United States District Court, W.D. Washington, Seattle
ORDER ON MOTIONS
L. ROBART United States District Judge.
the court are Plaintiff George Johnson's motion for
default (MFD (Dkt. # 9)) and counsel for Defendant Donald P.
Wang's motion to withdraw from this matter (MTW (Dkt. #
12)). The court has considered the motions, the relevant
portions of the record, and the applicable law. Being fully
advised,  the court GRANTS Mr. Johnson's //
motion for entry of default, DIRECTS the Clerk to enter
default, and GRANTS counsel for Mr. Wang's motion to
November 10, 2016, Mr. Johnson filed his complaint in this
matter. (Compl. (Dkt. # 1).) Mr. Johnson alleges that Mr.
Wang failed to pay Mr. Johnson $7, 380.00 in wages.
(Id. ¶ 8.) Mr. Johnson seeks compensatory and
punitive damages for the alleged failure to pay wages,
attorney's fees and costs, prejudgment interest, and
other forms of relief. (See Id. ¶¶ 7-8.)
January 24, 2017, Mr. Johnson moved for entry of default
against Mr. Wang. (MFD at 1.) Mr. Johnson supports his motion
for entry of default with a declaration attesting that Mr.
Wang was served on December 31, 2016. (See Merriam
Decl. (Dkt. # 10) ¶ 2, Ex. 1.) Later that same day,
attorney Thomas Waller appeared on Mr. Wang's behalf.
(Not. (Dkt. # 11).) On February 2, 2017, Mr. Waller moved to
withdraw as Mr. Wang's attorney. (MTW at 1.) On February
9, 2017, Mr. Wang filed an answer pro se. (Answer
(Dkt. # 13).)
court now addresses the motion for entry of default and the
motion to withdraw.
Motion for Default
Rule of Civil Procedure 55(a) provides: “When a party
against whom a judgment for affirmative relief is sought has
failed to plead or otherwise defend, and that failure is
shown by affidavit or otherwise, the clerk must enter the
party's default.” Fed.R.Civ.P. 55(a). The
court's local rules provide that an affidavit filed in
support of a motion for default “shall specifically
show that the defaulting party was served in a manner
authorized by Fed.R.Civ.P. 4.” See Local Rules
W.D. Wash. LCR 55(a). In other words, proper service of the
summons and complaint is a prerequisite to an order of
default. See id.
fails to defend against the action when the party fails to
file an answer or other responsive pleading. See
Friedmann v. Washington, No. 09-5761RJB, 2010 WL 890053,
at *1 (W.D. Wash. Mar. 8, 2010) (finding the entry of default
inappropriate where the defendants had filed an answer);
but see Hunter v. Dutch Gold Resources, Inc., No.
1:11-cv-01450-CL, 2012 WL 3614336, at *1 (D. Or. Aug. 20,
2012) (finding that a party may signal that it intends to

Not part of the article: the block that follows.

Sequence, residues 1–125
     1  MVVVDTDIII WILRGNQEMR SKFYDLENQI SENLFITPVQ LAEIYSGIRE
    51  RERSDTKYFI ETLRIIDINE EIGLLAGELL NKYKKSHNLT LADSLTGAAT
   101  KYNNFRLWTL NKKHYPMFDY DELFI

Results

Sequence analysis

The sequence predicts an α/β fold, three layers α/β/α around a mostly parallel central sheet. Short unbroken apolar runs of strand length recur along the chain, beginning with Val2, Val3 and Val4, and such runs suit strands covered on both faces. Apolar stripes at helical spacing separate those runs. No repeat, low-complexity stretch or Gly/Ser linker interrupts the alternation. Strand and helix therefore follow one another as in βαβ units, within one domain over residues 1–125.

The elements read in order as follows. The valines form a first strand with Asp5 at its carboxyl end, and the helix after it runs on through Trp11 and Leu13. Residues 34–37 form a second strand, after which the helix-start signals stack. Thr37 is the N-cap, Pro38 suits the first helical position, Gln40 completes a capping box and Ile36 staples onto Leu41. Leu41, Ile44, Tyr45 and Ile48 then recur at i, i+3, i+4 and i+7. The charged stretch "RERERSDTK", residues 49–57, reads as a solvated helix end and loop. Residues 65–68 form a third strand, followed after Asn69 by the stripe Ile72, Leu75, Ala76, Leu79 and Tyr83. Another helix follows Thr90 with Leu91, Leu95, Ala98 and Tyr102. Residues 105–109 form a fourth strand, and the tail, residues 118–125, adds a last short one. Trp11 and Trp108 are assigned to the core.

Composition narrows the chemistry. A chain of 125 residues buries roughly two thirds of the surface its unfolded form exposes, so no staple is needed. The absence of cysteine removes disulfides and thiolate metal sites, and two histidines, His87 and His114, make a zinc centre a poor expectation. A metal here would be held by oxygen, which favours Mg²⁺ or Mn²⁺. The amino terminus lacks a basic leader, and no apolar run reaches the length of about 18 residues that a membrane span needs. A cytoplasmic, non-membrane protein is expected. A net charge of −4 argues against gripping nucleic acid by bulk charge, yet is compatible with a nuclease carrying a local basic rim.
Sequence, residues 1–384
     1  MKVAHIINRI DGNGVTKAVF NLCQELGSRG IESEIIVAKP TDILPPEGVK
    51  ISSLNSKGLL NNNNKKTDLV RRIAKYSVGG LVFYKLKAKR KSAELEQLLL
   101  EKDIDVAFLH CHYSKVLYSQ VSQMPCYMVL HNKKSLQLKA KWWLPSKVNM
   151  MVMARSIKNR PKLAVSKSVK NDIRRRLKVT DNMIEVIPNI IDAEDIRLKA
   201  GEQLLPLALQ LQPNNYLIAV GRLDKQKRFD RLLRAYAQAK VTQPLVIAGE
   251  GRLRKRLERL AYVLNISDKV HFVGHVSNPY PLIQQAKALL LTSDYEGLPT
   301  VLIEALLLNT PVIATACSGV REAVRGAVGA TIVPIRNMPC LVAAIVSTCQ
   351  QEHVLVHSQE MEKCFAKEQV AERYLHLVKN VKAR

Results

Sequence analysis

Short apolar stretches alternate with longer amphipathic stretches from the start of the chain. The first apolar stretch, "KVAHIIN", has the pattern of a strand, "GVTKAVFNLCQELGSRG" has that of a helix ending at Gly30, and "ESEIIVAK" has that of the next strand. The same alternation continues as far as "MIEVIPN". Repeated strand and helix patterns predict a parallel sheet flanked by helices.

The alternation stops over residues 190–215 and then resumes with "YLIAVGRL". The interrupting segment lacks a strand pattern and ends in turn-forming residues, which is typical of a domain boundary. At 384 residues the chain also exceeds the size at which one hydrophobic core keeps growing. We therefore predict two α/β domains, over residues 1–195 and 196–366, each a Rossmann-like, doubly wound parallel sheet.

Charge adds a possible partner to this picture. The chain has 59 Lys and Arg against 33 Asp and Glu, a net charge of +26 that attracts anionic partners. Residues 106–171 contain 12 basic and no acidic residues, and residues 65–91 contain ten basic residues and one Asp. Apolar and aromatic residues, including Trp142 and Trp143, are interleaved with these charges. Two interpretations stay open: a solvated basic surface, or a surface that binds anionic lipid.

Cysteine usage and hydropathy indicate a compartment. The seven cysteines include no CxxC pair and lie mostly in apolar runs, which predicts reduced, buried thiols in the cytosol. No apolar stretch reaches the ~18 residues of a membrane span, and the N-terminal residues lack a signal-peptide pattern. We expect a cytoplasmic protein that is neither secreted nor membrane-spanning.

defend against the action by stating its intent and actively
seeking counsel to represent it). A failure to defend makes
it impractical-if not impossible-for the court to adjudicate
the matter on the merits. See Keehi Marine, Inc. v.
Mia, No. 14-00411 LEK-RLP, 2016 WL 3571421, at *3 (D.
Haw. May 10, 2016).
Mr. Wang failed to defend against the action by the time Mr.
Johnson moved for entry of default, the Clerk must enter
default. See Fed. R. Civ. P. 55(a); (Dkt.) Mr.
Johnson moved for entry of default on January 24, 2017 (MFD),
whereas Mr. Wang's attorney did not appear in this matter
until later that day (Not.) and Mr. Wang did not file an answer
until February 9, 2017 (Answer). Mr. Wang does not oppose Mr.
Johnson's motion. (See Dkt.) In addition, Mr.
Johnson provides an affidavit that specifically shows that he
served Mr. Wang with a copy of the summons and complaint on
December 31, 2016. (Merriam Decl. ¶ 2, Ex. 1.) For these
reasons, the court concludes that entry of default against
Mr. Wang is appropriate and directs the Clerk to enter Mr.
Wang's default. If Mr. Wang wishes to defend against the
action, he may move to set aside the default pursuant to
Federal Rule of Civil Procedure 55(c) or contest any future
motion for default judgment.
Motion to Withdraw
Civil Rule 83.2(b)(1) provides that unless there is a change
of counsel within the same law firm, an attorney may withdraw
from representation only by leave of court. Local Rules W.D.
Wash. LCR 83.2(b)(1). “Leave shall be obtained by
filing a motion or a stipulation and proposed order for
withdrawal . . . .” Id. The court will
ordinarily permit an attorney to withdraw until 60 days
before the discovery cut-off. Id. A motion for
withdrawal “shall include a certification that the
motion was served on the client and opposing counsel.”